Washington Evening Journal

Fairfield Ledger   Mt. Pleasant News
Neighbors Growing Together | Nov 21, 2017

Highland approves budget

By Xiomara Levsen | Apr 09, 2013

RIVERSIDE — The Highland Community School District School Board approved the budget for the 2013-14 fiscal year and approved a bid for a new school bus.
The first item the school board approved was the budget for the 2013-14 fiscal year. A public hearing was held at 7 p.m. during the meeting.
The budget is estimated to be at $4,864,724 for instructional services; $2,749,884 for support services; $279,000 for non-instructional programs; and $1,193,467 for other expenditures such as facilities acquisition and construction, according to the minutes from the school board meeting in March. This is with a total tax asking of $3,575,383 and a tax rate of $17.25 per $1,000 assessed valuation.
Since there was no public comment, school board member Becky Hanson motioned for approval of the 2013-14 fiscal year budget.
“This is the worst case scenario right?” school board member Nick Smith said.
The state Legislature hasn’t approved the education bill for the 2013-14 fiscal year, so Highland Community School District published their budget at a higher rate.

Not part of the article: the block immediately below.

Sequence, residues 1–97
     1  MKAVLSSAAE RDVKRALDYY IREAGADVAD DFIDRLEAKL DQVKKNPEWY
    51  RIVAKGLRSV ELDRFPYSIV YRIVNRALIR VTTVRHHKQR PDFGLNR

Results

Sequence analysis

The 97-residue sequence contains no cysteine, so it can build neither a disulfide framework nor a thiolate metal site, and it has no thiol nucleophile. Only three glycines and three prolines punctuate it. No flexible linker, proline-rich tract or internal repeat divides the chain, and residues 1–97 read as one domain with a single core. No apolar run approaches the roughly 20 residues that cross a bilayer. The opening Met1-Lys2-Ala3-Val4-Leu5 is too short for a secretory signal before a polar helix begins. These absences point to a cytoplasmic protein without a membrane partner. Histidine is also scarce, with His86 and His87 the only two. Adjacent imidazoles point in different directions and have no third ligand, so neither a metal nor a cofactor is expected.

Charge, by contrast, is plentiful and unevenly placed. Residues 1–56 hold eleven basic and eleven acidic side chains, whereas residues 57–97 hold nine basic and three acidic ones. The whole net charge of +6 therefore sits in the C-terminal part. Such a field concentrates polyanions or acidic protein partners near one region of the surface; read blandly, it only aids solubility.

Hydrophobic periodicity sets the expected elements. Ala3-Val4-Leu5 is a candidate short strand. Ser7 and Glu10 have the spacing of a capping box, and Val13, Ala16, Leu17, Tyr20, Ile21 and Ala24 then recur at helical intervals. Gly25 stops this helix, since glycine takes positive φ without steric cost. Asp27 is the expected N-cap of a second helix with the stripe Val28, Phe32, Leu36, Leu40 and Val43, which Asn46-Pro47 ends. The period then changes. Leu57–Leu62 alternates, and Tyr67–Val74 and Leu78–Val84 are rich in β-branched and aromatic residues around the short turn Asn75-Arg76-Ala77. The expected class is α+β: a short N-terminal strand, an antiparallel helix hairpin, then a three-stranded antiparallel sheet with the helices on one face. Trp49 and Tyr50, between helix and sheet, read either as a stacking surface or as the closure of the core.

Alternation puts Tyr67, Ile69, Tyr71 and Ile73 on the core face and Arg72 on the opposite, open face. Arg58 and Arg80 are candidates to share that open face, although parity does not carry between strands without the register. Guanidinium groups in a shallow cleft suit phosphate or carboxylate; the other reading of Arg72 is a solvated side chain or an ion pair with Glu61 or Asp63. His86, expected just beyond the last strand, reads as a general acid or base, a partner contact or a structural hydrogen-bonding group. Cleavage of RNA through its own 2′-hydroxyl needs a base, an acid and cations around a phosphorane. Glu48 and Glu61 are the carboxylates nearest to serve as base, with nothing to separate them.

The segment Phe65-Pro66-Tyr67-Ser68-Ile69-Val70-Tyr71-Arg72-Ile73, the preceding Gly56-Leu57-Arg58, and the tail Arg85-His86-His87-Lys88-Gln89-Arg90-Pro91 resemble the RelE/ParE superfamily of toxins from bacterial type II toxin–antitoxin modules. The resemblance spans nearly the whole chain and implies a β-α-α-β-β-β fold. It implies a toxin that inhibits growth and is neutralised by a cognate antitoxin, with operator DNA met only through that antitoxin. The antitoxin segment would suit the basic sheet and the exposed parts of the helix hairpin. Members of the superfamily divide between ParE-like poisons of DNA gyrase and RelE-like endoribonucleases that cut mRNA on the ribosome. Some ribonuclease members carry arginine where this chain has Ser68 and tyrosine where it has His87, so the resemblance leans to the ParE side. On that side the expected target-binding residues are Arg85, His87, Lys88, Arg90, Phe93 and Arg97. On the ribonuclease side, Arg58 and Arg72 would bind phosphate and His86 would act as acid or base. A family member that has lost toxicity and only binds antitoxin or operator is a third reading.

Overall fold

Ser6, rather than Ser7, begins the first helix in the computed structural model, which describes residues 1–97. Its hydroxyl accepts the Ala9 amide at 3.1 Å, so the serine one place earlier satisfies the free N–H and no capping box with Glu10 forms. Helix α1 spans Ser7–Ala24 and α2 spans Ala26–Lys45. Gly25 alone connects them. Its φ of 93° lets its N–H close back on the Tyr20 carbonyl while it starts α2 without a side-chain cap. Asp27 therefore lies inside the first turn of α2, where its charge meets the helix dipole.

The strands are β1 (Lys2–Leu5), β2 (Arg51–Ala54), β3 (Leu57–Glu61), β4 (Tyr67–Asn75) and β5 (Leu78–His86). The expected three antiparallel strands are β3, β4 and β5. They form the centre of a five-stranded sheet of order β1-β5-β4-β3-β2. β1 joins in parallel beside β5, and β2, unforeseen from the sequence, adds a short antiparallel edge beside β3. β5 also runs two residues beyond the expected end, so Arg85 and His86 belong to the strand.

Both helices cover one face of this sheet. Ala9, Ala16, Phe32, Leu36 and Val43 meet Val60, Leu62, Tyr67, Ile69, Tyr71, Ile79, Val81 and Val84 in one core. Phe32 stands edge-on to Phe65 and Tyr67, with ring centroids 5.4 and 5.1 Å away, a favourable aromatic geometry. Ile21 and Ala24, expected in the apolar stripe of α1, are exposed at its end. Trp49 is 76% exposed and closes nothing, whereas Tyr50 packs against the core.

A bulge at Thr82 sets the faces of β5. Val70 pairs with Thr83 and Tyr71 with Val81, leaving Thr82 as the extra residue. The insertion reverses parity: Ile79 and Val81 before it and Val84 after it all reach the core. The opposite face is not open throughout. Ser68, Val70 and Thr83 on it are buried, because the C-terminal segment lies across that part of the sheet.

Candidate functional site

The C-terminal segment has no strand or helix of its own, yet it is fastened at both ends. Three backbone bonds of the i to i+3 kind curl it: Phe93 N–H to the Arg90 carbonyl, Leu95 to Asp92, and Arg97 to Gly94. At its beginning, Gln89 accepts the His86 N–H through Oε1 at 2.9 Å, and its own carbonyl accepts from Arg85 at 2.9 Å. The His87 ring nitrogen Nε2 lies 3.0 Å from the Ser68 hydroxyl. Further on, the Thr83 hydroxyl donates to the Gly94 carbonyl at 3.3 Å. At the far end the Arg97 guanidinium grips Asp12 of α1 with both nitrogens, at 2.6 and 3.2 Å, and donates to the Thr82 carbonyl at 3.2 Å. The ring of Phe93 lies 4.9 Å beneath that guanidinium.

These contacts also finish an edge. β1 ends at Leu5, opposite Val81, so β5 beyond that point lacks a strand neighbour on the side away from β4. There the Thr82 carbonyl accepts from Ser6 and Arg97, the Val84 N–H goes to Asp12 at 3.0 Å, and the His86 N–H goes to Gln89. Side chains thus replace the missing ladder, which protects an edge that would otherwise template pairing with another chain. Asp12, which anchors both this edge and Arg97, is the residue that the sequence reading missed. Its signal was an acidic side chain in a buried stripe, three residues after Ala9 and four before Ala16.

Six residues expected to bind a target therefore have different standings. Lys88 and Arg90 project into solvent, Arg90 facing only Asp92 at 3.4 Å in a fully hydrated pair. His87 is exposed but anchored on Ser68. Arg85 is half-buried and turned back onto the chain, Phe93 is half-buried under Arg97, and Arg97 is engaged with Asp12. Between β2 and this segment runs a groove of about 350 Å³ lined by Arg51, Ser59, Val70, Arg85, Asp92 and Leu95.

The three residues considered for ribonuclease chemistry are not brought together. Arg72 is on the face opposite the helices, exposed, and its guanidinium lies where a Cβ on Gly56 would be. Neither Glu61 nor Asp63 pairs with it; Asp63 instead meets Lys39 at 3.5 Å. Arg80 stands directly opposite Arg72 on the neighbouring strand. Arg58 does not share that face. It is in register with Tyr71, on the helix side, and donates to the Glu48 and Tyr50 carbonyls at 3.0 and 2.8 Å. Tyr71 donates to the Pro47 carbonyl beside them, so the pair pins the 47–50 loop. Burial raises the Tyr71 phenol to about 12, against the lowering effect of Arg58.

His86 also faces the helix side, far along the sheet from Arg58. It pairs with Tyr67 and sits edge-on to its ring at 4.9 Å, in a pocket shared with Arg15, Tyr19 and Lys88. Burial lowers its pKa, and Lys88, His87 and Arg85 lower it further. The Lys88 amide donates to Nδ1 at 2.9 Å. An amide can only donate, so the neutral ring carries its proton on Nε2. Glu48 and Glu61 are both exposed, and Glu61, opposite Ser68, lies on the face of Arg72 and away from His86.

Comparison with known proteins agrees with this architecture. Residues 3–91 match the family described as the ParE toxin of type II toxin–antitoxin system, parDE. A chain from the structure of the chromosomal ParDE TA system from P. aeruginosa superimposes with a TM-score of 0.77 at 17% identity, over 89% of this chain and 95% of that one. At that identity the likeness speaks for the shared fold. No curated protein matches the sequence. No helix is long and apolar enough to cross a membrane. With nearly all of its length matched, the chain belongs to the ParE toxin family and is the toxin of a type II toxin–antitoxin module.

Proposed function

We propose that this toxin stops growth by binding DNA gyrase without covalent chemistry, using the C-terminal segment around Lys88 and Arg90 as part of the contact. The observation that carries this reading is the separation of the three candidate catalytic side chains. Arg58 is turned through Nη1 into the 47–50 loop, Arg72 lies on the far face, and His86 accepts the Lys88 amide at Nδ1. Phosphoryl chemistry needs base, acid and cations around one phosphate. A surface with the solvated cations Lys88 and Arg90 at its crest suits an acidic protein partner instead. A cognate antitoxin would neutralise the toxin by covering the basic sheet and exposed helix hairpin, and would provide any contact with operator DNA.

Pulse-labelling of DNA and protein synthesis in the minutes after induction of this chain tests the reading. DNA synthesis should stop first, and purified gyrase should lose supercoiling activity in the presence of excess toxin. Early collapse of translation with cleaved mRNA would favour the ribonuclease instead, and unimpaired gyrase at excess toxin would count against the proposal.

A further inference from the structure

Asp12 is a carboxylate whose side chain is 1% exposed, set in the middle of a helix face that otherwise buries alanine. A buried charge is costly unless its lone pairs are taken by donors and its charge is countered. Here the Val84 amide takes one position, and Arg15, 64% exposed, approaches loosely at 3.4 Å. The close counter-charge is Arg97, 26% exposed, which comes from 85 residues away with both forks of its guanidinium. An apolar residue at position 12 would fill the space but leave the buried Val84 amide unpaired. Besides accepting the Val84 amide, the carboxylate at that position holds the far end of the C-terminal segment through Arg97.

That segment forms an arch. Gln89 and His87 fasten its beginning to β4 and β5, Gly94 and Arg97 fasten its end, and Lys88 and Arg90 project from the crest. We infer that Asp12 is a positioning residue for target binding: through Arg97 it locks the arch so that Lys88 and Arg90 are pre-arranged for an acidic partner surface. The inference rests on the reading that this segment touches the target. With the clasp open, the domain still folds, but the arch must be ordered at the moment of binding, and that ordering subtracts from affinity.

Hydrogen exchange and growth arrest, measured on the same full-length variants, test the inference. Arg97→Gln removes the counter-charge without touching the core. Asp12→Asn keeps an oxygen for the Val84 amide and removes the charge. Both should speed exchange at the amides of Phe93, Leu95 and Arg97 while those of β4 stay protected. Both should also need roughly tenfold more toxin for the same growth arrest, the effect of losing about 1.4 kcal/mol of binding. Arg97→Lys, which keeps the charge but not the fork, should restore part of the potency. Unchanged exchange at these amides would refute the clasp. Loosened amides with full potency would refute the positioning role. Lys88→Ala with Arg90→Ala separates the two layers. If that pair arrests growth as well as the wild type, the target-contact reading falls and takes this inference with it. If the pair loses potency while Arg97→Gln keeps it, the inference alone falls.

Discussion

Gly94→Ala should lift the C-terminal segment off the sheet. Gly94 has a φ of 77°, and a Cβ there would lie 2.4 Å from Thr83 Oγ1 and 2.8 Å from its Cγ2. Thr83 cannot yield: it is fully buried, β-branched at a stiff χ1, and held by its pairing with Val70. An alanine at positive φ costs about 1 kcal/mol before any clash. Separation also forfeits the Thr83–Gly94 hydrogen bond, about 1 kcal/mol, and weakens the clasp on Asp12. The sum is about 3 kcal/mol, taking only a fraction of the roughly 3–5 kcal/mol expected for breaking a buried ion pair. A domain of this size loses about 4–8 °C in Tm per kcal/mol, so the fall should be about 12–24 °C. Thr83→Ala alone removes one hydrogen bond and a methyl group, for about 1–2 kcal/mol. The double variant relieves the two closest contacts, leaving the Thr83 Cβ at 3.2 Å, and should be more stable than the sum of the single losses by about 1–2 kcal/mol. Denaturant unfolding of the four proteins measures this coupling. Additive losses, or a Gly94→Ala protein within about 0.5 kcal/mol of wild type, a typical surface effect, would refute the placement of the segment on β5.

“The target rate is $16.50 (per $1,000 assessed valuation),” Superintendent Chris Armstrong said. “Once everything is settled then we will adjust the numbers so we can adjust down.”
The motion passed unanimously.
The next public hearing was about purchasing a new school bus. Unlike the budget hearing, there were people in attendance who wanted to speak on the topic.
“We’ve been updating our fleet,” Armstrong said, “so it’s a necessary expense.”
Two motions were needed to continue. One was needed to authorize the purchase of transportation equipment over $50,000. School board member Cindy Michel made that motion. The motion passed with no dissenting votes.
After that the school board discussed whom they would like to purchase the bus from. The school district received four bids.
One bid was from Thomas Bus Sales of Des Moines for $82,695. The bus would be a 2014 65-passenger bus with a camera option included in the price.
The next bus bid was from School Bus Sales of Waterloo. The bus would be a 2014 65-passenger bus for $78,115 without the camera option. With the camera option it would be $80,265.
The final bids came from Hoglund Bus Company of Marshalltown. The first bid was for a 2014 65-passenger bus. Without the camera option it would be $80,129 and with it would be $82,029. Their next bid was for a bus from their current fleet. The bid for the s bus without a camera was $78,899 and with a camera, $80,999.
Russell Fox, transportation director for the district, attended the hearing and spoke about the bids the district received.
“Most of them meet the Iowa code as far as what has to be on the school bus to make them safe to haul kids,” Fox said. “The only difference is what options you add.”
Fox recommended the board go with the bid from School Bus Sales because it was the least expensive.
“To me, all of them have their pluses and minuses,” Fox said. “But money is money.”
Fox said that most of the school buses the district has currently are Bluebirds, from School Bus Sales.